Translation of mountebank in Spanish:
- [literary/literario] embaucador, (masculine, feminine), charlatán, (masculine, feminine)Example sentences
- Additional evidence indicates that it was a term used among medical mountebanks in Tudor times.
- The word toady comes from ‘toad-eater’: a quack's or mountebank's assistant who would eat, or pretend to eat, a toad so he could be cured by the medicine man.
- There had always been mountebanks and charlatans operating in the public squares, but they now dominated the marketplace.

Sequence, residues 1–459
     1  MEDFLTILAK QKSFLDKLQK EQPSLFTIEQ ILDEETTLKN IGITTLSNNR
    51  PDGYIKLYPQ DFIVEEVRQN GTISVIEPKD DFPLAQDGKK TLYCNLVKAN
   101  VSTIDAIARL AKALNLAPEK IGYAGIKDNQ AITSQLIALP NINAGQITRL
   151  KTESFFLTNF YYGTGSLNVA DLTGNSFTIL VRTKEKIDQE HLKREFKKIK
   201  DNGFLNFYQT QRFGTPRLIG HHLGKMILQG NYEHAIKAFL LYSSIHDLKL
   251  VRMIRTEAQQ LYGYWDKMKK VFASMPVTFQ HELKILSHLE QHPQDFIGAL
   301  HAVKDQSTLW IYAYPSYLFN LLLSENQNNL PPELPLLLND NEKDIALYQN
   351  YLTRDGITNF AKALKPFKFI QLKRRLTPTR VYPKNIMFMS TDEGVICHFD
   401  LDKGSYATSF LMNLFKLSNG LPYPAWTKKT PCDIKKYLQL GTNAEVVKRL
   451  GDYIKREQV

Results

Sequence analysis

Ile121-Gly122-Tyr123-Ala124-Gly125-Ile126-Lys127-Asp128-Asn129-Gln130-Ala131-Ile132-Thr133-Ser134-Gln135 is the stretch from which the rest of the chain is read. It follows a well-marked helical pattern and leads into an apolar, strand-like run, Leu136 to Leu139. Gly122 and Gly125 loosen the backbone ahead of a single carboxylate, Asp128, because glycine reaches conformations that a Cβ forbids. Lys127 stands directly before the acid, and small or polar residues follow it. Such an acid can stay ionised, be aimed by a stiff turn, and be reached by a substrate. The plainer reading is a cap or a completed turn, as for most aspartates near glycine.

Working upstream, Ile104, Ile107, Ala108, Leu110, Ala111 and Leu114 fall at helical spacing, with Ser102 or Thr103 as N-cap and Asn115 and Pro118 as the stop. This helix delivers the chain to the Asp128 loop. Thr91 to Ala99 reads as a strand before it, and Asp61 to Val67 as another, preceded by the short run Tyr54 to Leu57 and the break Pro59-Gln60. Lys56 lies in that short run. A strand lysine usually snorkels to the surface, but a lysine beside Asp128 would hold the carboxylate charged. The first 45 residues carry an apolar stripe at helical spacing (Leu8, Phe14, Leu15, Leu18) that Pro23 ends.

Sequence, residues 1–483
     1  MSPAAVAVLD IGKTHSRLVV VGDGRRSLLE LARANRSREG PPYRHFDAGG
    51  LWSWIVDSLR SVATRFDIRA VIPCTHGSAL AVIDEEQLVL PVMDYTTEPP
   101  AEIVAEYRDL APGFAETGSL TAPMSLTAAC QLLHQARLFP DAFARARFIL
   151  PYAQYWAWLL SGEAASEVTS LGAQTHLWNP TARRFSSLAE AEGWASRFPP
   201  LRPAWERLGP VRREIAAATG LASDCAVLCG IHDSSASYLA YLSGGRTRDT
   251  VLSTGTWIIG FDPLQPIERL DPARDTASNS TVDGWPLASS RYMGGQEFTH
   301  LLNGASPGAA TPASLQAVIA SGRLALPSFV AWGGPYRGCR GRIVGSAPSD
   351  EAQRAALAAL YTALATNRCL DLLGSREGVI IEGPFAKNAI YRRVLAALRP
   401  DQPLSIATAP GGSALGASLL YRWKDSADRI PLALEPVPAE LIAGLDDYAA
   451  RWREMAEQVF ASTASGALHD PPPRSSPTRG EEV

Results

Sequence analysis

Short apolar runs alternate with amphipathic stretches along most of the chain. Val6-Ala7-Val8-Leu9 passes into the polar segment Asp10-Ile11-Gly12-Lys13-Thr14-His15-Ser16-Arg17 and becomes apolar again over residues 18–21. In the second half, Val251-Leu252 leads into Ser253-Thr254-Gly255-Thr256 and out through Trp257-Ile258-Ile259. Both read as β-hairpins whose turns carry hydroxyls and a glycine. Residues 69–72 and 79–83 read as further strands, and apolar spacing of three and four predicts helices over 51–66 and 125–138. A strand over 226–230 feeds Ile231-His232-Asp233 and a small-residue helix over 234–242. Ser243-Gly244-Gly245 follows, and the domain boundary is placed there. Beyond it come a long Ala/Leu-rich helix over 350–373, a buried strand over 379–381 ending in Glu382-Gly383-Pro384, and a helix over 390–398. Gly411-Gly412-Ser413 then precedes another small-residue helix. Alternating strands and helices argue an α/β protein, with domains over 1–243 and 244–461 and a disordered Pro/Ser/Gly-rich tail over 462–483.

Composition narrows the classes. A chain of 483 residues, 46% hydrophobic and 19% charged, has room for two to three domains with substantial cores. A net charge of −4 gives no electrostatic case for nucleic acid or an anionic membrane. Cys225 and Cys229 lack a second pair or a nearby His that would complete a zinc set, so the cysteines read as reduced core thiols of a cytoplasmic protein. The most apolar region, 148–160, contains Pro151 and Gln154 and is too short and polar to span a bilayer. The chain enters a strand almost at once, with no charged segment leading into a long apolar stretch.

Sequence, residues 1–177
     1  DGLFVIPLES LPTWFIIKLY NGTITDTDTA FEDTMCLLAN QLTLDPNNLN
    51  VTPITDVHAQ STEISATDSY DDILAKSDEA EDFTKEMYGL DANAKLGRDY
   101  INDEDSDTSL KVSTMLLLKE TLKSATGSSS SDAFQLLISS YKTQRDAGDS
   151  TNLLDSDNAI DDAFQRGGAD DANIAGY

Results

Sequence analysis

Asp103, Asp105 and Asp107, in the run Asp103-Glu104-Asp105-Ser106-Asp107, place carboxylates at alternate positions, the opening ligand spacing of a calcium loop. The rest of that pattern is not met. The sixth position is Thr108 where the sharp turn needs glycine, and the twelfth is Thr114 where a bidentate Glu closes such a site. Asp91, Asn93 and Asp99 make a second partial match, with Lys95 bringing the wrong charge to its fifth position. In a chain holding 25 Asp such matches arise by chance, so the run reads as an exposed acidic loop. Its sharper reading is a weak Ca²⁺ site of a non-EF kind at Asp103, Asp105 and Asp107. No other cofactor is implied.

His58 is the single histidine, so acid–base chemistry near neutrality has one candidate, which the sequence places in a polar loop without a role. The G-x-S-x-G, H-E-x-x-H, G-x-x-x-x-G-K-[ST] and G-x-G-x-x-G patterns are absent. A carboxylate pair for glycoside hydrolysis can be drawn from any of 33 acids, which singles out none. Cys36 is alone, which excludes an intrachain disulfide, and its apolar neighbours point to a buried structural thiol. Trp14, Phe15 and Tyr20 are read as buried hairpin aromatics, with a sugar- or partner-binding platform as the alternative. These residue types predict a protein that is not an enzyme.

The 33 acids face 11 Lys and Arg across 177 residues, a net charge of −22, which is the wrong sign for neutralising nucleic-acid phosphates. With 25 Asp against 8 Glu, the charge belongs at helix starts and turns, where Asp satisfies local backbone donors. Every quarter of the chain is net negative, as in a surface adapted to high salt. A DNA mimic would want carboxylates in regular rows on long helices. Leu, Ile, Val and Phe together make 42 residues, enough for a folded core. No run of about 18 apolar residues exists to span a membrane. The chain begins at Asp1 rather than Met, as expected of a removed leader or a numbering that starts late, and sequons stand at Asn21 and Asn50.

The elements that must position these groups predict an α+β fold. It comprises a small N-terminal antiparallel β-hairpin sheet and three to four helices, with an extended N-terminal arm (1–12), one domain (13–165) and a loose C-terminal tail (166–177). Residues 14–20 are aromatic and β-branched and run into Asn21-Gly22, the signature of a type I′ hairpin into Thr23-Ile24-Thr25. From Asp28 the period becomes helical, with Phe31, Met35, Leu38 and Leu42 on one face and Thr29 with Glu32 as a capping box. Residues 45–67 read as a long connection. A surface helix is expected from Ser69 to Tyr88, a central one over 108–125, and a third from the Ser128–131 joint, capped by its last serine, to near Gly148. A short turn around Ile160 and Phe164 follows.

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Spain's literary renaissance, known as the Golden Age (Siglo de Oro/i>), roughly covers the sixteenth and seventeenth centuries. It includes the Italian-influenced poetry of figures such as Garcilaso de la Vega; the religious verse of Fray Luis de León, Santa Teresa de Ávila and San Juan de la Cruz; picaresque novels such as the anonymous Lazarillo de Tormes and Quevedo's Buscón; Miguel de Cervantes' immortal Don Quijote; the theater of Lope de Vega, and the ornate poetry of Luis de Góngora.